The fund then needs to register for PAYG purposes, as personal income tax must be deducted by the fund prior to payment of a pension to you.
 
If your fund is made up of 100% tax free component, you will have a completely tax free pension even from age 55.
 
However if your fund contains taxable component and you are aged 55-59, you will possibly have some personal tax to pay, hence the need to register the fund for PAYG. Strategies such a lump sum withdrawal of up to $145,000 and re-contribution back to the fund can help lessen the tax on pension payments (as well as improve estate planning considerations). Then of course, there is the 15% tax offset that applies to the taxable portion of your income to further reduce the self funded tax burden. Once you are age 60, the whole income stream becomes tax free to you personally.
 
That brings us to the magic of imputation credits within superannuation, especially within the pension phase.
 
Superannuation in accumulation phase gets taxed at a MAXIMUM of 15%, and as mentioned above, assets attributed to pension phase are tax exempt. So to show the advantage of imputation credits from franked Australian shares, let’s have a look at an example in pension phase.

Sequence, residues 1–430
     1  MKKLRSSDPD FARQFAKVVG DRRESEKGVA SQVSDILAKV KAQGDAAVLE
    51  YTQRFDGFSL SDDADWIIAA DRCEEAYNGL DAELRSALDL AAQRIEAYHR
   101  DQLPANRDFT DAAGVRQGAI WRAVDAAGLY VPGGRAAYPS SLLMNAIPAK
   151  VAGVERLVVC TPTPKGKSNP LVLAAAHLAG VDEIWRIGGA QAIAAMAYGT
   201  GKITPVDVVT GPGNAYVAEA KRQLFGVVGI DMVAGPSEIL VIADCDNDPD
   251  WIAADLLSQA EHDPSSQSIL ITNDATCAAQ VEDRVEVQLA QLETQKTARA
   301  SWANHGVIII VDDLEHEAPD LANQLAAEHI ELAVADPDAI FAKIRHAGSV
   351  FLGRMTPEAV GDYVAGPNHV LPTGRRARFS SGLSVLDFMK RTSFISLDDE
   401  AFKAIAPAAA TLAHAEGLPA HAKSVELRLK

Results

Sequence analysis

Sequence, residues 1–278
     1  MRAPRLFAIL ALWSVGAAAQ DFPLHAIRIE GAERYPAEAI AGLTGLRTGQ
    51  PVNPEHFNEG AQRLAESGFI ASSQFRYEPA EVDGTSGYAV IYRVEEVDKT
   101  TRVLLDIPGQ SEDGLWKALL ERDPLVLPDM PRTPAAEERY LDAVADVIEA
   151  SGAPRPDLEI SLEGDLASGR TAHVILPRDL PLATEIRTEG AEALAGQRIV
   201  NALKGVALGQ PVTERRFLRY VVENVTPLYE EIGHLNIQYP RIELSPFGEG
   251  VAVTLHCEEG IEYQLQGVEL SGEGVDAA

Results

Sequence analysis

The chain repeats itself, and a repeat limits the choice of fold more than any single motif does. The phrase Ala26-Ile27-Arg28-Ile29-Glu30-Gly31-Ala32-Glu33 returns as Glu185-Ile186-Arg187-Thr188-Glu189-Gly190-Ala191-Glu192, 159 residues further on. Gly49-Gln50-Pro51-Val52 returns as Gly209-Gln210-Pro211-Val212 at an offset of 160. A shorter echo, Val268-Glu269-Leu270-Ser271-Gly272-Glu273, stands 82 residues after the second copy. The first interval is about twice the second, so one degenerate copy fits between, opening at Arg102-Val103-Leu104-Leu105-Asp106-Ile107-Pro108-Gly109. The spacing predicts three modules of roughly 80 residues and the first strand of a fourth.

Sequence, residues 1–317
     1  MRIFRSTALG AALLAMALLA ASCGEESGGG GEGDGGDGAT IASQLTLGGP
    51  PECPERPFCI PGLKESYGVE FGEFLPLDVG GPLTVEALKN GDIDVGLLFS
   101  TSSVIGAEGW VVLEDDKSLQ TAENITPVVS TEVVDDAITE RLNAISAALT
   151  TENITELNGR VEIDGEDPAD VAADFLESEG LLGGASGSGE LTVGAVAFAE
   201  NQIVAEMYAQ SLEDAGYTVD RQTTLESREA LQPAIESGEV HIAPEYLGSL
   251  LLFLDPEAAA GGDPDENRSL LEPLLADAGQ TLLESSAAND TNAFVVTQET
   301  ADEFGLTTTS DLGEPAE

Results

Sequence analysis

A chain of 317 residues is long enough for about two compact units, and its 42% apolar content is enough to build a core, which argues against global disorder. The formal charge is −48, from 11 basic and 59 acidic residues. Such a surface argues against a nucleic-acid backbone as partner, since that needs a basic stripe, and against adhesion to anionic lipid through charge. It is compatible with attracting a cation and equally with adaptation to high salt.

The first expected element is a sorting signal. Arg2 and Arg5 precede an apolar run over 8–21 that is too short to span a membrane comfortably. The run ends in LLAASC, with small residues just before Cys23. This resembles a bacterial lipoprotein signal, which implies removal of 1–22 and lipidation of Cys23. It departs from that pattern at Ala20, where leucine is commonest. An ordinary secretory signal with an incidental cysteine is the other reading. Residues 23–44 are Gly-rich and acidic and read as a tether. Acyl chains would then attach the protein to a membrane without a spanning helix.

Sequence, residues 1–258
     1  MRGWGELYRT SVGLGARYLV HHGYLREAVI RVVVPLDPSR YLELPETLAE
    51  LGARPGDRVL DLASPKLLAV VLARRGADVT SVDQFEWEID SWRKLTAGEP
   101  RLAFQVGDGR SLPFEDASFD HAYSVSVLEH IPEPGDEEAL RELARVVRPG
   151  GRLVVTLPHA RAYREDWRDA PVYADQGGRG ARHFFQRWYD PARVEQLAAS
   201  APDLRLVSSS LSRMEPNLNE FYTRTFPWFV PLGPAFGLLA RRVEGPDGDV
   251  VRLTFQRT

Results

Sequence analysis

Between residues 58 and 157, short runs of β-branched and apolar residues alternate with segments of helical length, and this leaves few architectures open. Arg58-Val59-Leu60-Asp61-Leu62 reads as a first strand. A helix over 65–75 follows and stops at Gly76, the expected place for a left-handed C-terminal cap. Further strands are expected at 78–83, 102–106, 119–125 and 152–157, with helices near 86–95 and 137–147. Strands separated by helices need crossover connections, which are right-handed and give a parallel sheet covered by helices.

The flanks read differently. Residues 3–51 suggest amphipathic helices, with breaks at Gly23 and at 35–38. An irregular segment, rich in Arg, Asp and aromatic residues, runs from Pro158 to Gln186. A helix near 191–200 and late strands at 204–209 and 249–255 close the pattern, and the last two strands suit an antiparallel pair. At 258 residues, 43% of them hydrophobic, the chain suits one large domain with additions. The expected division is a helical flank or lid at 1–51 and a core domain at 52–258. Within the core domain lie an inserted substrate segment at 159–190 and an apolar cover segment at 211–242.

If your pension assets are $400,000 in cash earning 5% pa, then your tax and income position will be:
 
$400,000 x 5% = $20,000 tax exempt.
 
A total return of $20,000 earnings is achieved within the pension. Assuming you pay yourself 5% of the pension starting balance as a pension, then the gross pension payment would be $20,000 over a whole year. So effectively the balance stays neutral.
 
Instead of holding 100% cash, let’s say you held 100% Australian shares in order to take advantage of the tax benefits from imputation credits and franking. Yes the risk profile of your fund would increase and I’m not suggesting you should hold no cash or not adequately diversify, but we are talking here about tax strategies and notional differences.

So if you put that $400,000 into blue chip Australian shares paying fully franked dividends, your return and tax profile might look like this:
 
$400,000 x 4% (fully franked dividend) = $16,000 cash tax exempt.
 
Assuming a 100% franking credit for tax the company has already paid (30% of profit) and because the pension assets are tax exempt, the SMF is entitled to the whole franking credit of $6,857.
 
A total return of $16,000 earnings + $6,857 franking credit = $22,857 is achieved within the pension. Assuming you pay yourself 5% of the pension starting balance as a pension as before, then the gross pension payment would be $20,000 over a whole year. So effectively the balance in this scenario goes up by $2,857 for the year.
 
Nice!!

By Jeremy Gillman-Wells, Financial Planner, Bentham Financial Group 

Jeremy Gillman-Wells is an Authorised Representatives of AMP Financial Planning Pty Limited   | ABN 89 051 208 327 | AFS Licence No 232706. In order to get the latest newsletter, click here.